Date of Paper

5-2017

Type of Paper

Clinical research paper

Degree Name

Master of Social Work (M.S.W.)

Department

Social Work

First Advisor

Rajean Moone

Department/School

Master of Social Work

Abstract

Attention Deficit Hyperactivity Disorder affects up to nine percent of children in the United States (DuPaul et. al, 2014; Ralph et. al, 2001; Spencer, 2007; Wedge, 2016). Furthermore, 25% of children will also be exposed to Adverse Childhood Experiences (ACEs). Exposure to ACEs is strongly correlated with negative short-term and long-term effects on a child’s cognitive, physical and mental health, and social-emotional development. Oftentimes these experiences create a neurological shift in children and result in symptoms that align with the criteria for ADHD. As. well as. Complex Trauma. (PTSD- Type II). Many children are first identified with these symptoms and needs when they enter school. Schools are a significant entry point for bridging students and families with referral to services. Previous research suggests that schools approach the diagnosing and treatment of ADHD and Complex Trauma through effective multidisciplinary teams, positive school climate, resources to families, and social-emotional small group and individual interventions. This study sought to identify the perceptions of school social workers and teachers in metropolitan elementary schools regarding the diagnosis and treatment of both Attention Deficit Hyperactivity Disorder and Complex Trauma. Data was gathered by means of a recorded qualitative interview of five elementary school teachers and five elementary school social workers. The recorded interviews were then transcribed and coded through content analysis for top themes. The following themes were derived from the participant interviews: the importance and helpfulness of training, accommodating children with ADHD and Complex Trauma. (PTSD--Type II), roles and responsibilities, and the importance of a positive school climate.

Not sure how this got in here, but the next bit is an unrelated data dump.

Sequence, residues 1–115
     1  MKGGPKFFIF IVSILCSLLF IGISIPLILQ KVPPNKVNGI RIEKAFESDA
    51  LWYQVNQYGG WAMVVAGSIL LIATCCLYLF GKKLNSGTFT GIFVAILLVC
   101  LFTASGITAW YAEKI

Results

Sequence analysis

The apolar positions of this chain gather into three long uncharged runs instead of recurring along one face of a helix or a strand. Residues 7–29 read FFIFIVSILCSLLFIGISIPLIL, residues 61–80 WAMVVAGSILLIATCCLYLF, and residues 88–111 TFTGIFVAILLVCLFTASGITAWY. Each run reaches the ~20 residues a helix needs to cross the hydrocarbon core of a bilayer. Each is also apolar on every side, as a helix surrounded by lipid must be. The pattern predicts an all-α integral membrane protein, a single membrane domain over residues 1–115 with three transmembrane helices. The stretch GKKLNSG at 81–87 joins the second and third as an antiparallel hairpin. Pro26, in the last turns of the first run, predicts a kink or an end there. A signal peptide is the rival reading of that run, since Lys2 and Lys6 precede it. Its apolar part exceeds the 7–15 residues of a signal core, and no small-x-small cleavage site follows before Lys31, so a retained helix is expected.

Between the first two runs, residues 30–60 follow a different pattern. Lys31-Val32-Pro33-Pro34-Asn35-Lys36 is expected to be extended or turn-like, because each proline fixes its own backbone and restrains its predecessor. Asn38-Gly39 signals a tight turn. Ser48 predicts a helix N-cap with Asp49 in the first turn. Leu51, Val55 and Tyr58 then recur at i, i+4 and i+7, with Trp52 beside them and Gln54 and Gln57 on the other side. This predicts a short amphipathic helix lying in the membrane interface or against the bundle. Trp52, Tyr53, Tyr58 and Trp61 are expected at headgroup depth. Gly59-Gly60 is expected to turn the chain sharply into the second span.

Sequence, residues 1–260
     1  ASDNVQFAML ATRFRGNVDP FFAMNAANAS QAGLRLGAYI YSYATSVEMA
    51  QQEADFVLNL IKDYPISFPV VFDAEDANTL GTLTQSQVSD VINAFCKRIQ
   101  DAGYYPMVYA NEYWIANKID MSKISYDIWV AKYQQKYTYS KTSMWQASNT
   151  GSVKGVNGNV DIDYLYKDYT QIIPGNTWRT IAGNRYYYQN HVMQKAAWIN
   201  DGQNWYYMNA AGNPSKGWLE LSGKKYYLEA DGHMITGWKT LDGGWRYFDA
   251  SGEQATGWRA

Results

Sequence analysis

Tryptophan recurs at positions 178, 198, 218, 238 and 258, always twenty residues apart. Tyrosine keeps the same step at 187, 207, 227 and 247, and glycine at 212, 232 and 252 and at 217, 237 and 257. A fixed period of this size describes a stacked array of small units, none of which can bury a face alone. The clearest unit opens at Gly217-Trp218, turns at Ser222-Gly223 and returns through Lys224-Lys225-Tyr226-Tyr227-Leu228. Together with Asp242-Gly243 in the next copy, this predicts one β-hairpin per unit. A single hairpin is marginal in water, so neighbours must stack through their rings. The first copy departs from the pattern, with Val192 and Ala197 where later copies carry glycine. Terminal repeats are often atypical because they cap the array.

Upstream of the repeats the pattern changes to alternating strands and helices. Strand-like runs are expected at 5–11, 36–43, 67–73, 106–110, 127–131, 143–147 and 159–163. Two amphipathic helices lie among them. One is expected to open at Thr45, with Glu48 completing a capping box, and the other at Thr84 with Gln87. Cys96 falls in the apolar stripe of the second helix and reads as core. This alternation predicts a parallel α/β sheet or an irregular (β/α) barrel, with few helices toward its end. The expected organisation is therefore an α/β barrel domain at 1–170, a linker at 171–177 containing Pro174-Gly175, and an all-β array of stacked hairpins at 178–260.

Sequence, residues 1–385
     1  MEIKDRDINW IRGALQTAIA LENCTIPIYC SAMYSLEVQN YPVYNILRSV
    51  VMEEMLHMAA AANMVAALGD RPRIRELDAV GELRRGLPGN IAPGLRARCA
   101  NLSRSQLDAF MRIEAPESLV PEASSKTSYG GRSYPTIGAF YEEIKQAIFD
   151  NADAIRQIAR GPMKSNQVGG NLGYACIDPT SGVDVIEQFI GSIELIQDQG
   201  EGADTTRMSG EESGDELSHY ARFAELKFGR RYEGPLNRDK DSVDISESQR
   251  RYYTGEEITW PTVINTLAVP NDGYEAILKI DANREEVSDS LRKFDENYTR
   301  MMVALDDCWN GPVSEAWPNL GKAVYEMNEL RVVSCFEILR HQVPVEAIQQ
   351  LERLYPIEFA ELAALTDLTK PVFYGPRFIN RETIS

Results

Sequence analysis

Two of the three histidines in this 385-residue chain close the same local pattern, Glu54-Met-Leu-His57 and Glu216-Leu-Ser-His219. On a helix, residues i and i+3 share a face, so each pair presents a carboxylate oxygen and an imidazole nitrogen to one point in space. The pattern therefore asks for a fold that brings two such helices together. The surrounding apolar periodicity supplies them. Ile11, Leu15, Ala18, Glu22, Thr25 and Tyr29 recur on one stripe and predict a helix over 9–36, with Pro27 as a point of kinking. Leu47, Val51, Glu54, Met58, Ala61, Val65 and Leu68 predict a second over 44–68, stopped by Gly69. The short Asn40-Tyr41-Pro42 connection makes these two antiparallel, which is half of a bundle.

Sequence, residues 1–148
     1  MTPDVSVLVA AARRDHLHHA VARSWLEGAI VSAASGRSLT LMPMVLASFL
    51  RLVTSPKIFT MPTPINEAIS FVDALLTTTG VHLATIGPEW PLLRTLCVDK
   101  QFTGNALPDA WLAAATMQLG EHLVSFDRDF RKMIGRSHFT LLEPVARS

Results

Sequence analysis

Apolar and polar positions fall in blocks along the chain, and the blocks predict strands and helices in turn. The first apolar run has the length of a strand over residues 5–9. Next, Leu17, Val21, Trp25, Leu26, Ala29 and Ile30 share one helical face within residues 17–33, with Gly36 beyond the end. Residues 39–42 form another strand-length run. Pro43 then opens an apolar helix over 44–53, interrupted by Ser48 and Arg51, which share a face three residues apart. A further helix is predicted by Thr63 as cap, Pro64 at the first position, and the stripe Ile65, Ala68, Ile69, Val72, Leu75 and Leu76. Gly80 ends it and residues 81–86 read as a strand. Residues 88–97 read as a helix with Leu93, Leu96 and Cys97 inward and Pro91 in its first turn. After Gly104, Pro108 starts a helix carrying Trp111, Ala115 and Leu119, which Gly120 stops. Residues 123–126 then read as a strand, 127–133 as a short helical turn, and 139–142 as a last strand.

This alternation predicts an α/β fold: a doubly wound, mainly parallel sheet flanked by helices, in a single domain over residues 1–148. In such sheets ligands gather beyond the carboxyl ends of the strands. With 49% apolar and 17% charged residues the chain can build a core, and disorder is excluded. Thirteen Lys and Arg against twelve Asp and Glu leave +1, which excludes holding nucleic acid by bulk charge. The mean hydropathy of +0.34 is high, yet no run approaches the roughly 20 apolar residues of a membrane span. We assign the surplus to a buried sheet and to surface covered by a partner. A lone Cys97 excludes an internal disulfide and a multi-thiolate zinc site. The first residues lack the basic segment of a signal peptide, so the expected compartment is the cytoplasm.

Included in

Social Work Commons

Share

COinS